February 26, 2018, 7:34 am
Facebook iconTwitter iconYouTube iconGoogle+ icon
1 Philippine Peso = 0.0709 UAE Dirham
1 Philippine Peso = 2.0666 Albanian Lek
1 Philippine Peso = 0.03436 Neth Antilles Guilder
1 Philippine Peso = 0.38512 Argentine Peso
1 Philippine Peso = 0.0246 Australian Dollar
1 Philippine Peso = 0.03436 Aruba Florin
1 Philippine Peso = 0.03861 Barbados Dollar
1 Philippine Peso = 1.59981 Bangladesh Taka
1 Philippine Peso = 0.0307 Bulgarian Lev
1 Philippine Peso = 0.00727 Bahraini Dinar
1 Philippine Peso = 33.8027 Burundi Franc
1 Philippine Peso = 0.01931 Bermuda Dollar
1 Philippine Peso = 0.02544 Brunei Dollar
1 Philippine Peso = 0.13243 Bolivian Boliviano
1 Philippine Peso = 0.06249 Brazilian Real
1 Philippine Peso = 0.01931 Bahamian Dollar
1 Philippine Peso = 1.24035 Bhutan Ngultrum
1 Philippine Peso = 0.18341 Botswana Pula
1 Philippine Peso = 386.48649 Belarus Ruble
1 Philippine Peso = 0.03857 Belize Dollar
1 Philippine Peso = 0.02437 Canadian Dollar
1 Philippine Peso = 0.01807 Swiss Franc
1 Philippine Peso = 11.38996 Chilean Peso
1 Philippine Peso = 0.12225 Chinese Yuan
1 Philippine Peso = 54.88417 Colombian Peso
1 Philippine Peso = 10.92317 Costa Rica Colon
1 Philippine Peso = 0.01931 Cuban Peso
1 Philippine Peso = 1.73147 Cape Verde Escudo
1 Philippine Peso = 0.39788 Czech Koruna
1 Philippine Peso = 3.41371 Djibouti Franc
1 Philippine Peso = 0.11689 Danish Krone
1 Philippine Peso = 0.94363 Dominican Peso
1 Philippine Peso = 2.19764 Algerian Dinar
1 Philippine Peso = 0.24563 Estonian Kroon
1 Philippine Peso = 0.34054 Egyptian Pound
1 Philippine Peso = 0.5251 Ethiopian Birr
1 Philippine Peso = 0.0157 Euro
1 Philippine Peso = 0.03853 Fiji Dollar
1 Philippine Peso = 0.01381 Falkland Islands Pound
1 Philippine Peso = 0.01382 British Pound
1 Philippine Peso = 0.08607 Ghanaian Cedi
1 Philippine Peso = 0.90347 Gambian Dalasi
1 Philippine Peso = 173.55213 Guinea Franc
1 Philippine Peso = 0.14162 Guatemala Quetzal
1 Philippine Peso = 3.93494 Guyana Dollar
1 Philippine Peso = 0.15101 Hong Kong Dollar
1 Philippine Peso = 0.45448 Honduras Lempira
1 Philippine Peso = 0.11653 Croatian Kuna
1 Philippine Peso = 1.23243 Haiti Gourde
1 Philippine Peso = 4.90965 Hungarian Forint
1 Philippine Peso = 263.76448 Indonesian Rupiah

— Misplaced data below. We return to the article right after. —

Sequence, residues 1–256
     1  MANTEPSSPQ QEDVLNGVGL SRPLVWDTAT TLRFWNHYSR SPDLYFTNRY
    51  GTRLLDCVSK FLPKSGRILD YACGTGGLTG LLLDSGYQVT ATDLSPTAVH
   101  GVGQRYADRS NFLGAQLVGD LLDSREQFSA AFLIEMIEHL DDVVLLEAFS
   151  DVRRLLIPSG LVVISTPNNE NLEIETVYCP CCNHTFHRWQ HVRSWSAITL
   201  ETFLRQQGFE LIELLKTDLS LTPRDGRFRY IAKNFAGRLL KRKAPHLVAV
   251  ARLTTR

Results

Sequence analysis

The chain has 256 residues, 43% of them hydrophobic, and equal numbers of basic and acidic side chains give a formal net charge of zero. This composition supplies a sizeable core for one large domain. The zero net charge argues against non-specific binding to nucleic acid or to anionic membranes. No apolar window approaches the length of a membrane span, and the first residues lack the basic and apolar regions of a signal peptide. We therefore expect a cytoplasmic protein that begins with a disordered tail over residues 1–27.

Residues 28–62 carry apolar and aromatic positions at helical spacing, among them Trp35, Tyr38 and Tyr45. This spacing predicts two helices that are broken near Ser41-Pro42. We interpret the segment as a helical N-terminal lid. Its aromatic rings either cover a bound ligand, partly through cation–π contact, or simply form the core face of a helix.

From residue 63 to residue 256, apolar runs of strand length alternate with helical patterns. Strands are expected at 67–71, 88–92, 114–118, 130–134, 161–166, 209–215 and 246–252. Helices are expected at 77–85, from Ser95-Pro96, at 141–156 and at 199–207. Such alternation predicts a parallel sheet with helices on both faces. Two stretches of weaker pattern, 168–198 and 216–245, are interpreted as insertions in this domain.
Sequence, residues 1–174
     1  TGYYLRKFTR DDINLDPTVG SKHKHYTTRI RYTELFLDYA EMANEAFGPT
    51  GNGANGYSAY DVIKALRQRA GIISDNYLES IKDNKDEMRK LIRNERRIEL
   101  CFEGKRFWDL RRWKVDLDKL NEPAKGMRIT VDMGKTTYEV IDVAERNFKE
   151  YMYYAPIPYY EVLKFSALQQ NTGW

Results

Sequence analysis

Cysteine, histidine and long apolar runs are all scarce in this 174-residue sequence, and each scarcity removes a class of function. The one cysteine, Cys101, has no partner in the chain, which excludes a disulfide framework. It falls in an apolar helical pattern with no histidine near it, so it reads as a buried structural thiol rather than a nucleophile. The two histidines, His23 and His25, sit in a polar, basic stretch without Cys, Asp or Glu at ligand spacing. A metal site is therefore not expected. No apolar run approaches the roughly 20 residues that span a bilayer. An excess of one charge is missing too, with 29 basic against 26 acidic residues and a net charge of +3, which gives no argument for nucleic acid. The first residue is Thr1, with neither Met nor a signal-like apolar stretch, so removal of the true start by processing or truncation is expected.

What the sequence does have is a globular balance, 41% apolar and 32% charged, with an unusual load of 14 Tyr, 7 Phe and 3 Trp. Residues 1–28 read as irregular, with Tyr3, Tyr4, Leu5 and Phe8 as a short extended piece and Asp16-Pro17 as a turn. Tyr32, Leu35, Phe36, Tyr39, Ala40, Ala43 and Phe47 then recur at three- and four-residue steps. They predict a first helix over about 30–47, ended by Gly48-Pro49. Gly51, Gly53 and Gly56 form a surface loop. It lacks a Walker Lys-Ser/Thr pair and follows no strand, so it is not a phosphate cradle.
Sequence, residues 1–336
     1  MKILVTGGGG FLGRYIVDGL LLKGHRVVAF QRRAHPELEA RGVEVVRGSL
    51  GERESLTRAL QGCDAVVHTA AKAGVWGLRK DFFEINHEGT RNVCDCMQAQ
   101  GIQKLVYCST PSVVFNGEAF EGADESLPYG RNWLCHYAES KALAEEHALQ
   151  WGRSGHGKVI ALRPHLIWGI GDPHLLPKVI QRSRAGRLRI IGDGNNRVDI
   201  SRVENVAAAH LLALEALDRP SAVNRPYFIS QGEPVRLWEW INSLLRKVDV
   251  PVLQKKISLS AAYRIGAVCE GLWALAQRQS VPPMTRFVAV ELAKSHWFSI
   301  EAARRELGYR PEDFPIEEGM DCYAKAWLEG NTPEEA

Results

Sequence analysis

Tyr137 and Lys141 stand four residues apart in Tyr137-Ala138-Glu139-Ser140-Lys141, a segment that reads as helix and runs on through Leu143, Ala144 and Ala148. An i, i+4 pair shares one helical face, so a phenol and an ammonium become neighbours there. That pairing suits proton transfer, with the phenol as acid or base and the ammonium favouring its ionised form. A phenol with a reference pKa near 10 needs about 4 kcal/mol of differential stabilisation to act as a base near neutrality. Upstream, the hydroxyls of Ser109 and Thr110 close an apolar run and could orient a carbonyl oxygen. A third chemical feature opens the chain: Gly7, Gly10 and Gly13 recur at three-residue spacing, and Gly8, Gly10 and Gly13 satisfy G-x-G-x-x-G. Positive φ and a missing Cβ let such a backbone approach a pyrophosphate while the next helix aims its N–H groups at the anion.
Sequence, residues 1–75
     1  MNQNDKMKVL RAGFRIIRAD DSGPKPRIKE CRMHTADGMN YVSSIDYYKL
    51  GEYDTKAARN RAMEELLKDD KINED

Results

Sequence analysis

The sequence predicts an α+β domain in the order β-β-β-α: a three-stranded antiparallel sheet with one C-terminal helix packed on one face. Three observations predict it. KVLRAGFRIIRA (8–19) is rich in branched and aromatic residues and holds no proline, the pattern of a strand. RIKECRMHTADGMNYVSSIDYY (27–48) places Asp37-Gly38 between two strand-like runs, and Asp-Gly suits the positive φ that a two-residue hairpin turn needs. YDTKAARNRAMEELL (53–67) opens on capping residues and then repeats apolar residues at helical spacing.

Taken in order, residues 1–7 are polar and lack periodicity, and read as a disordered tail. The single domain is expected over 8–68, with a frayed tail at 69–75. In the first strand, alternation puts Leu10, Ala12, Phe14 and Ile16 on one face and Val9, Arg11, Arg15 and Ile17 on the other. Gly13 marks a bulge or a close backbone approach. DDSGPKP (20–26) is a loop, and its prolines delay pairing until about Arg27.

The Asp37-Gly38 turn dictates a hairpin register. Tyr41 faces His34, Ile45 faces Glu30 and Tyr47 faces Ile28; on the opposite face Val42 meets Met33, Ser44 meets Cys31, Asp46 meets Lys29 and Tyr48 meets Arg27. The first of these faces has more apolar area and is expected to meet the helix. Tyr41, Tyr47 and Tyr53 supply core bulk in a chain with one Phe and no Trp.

1 Philippine Peso = 0.06723 Israeli Shekel
1 Philippine Peso = 1.25268 Indian Rupee
1 Philippine Peso = 22.85714 Iraqi Dinar
1 Philippine Peso = 718.33978 Iran Rial
1 Philippine Peso = 1.93822 Iceland Krona
1 Philippine Peso = 2.4222 Jamaican Dollar
1 Philippine Peso = 0.01364 Jordanian Dinar
1 Philippine Peso = 2.0617 Japanese Yen
1 Philippine Peso = 1.96236 Kenyan Shilling
1 Philippine Peso = 1.311 Kyrgyzstan Som
1 Philippine Peso = 76.94981 Cambodia Riel
1 Philippine Peso = 7.70077 Comoros Franc
1 Philippine Peso = 17.37452 North Korean Won
1 Philippine Peso = 20.76255 Korean Won
1 Philippine Peso = 0.00578 Kuwaiti Dinar
1 Philippine Peso = 0.01583 Cayman Islands Dollar
1 Philippine Peso = 6.1749 Kazakhstan Tenge
1 Philippine Peso = 159.87839 Lao Kip
1 Philippine Peso = 29.06178 Lebanese Pound
1 Philippine Peso = 2.99421 Sri Lanka Rupee
1 Philippine Peso = 2.50386 Liberian Dollar
1 Philippine Peso = 0.22268 Lesotho Loti
1 Philippine Peso = 0.05886 Lithuanian Lita
1 Philippine Peso = 0.01198 Latvian Lat
1 Philippine Peso = 0.0257 Libyan Dinar
1 Philippine Peso = 0.1777 Moroccan Dirham
1 Philippine Peso = 0.32037 Moldovan Leu
1 Philippine Peso = 0.96332 Macedonian Denar
1 Philippine Peso = 25.79151 Myanmar Kyat
1 Philippine Peso = 46.1583 Mongolian Tugrik
1 Philippine Peso = 0.15547 Macau Pataca
1 Philippine Peso = 6.75676 Mauritania Ougulya
1 Philippine Peso = 0.63514 Mauritius Rupee
1 Philippine Peso = 0.29614 Maldives Rufiyaa
1 Philippine Peso = 13.77317 Malawi Kwacha
1 Philippine Peso = 0.35764 Mexican Peso
1 Philippine Peso = 0.07562 Malaysian Ringgit
1 Philippine Peso = 0.22261 Namibian Dollar
1 Philippine Peso = 6.9112 Nigerian Naira
1 Philippine Peso = 0.59556 Nicaragua Cordoba
1 Philippine Peso = 0.15133 Norwegian Krone
1 Philippine Peso = 1.99853 Nepalese Rupee
1 Philippine Peso = 0.02647 New Zealand Dollar
1 Philippine Peso = 0.00743 Omani Rial
1 Philippine Peso = 0.01931 Panama Balboa
1 Philippine Peso = 0.06266 Peruvian Nuevo Sol